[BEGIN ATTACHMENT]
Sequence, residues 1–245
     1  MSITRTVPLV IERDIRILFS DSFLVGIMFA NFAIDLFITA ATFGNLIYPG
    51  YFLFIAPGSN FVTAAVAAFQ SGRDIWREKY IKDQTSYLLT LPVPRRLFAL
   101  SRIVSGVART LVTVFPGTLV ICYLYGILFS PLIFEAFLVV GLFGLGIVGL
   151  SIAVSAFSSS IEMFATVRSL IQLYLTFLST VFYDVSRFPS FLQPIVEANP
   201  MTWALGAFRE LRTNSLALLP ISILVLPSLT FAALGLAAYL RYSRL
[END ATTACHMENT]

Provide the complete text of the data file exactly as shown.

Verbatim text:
Sequence, residues 1–245
     1  MSITRTVPLV IERDIRILFS DSFLVGIMFA NFAIDLFITA ATFGNLIYPG
    51  YFLFIAPGSN FVTAAVAAFQ SGRDIWREKY IKDQTSYLLT LPVPRRLFAL
   101  SRIVSGVART LVTVFPGTLV ICYLYGILFS PLIFEAFLVV GLFGLGIVGL
   151  SIAVSAFSSS IEMFATVRSL IQLYLTFLST VFYDVSRFPS FLQPIVEANP
   201  MTWALGAFRE LRTNSLALLP ISILVLPSLT FAALGLAAYL RYSRL